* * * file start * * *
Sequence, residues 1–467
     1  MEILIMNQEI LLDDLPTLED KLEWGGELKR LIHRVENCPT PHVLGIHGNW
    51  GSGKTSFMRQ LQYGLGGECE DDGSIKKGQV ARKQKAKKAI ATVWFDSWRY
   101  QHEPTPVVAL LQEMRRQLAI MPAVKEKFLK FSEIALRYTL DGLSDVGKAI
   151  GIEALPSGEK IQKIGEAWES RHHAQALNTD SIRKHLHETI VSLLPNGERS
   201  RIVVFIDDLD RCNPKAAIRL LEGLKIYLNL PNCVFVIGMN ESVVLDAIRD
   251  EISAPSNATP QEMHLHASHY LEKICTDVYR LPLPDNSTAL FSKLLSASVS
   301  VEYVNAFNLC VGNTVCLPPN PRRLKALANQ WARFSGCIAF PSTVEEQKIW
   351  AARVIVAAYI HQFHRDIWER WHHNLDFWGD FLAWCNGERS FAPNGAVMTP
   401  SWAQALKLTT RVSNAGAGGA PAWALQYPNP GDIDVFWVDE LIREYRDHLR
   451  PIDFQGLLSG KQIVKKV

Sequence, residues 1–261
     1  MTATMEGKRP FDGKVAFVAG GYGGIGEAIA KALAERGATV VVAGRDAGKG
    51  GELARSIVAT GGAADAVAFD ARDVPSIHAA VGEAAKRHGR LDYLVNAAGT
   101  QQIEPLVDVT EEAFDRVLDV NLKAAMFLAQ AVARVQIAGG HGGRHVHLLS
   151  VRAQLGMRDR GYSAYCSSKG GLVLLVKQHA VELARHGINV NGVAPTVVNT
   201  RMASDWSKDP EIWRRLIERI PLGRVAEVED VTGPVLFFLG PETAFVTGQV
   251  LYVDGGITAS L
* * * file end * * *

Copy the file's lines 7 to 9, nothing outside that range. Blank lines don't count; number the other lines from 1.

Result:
   251  EISAPSNATP QEMHLHASHY LEKICTDVYR LPLPDNSTAL FSKLLSASVS
   301  VEYVNAFNLC VGNTVCLPPN PRRLKALANQ WARFSGCIAF PSTVEEQKIW
   351  AARVIVAAYI HQFHRDIWER WHHNLDFWGD FLAWCNGERS FAPNGAVMTP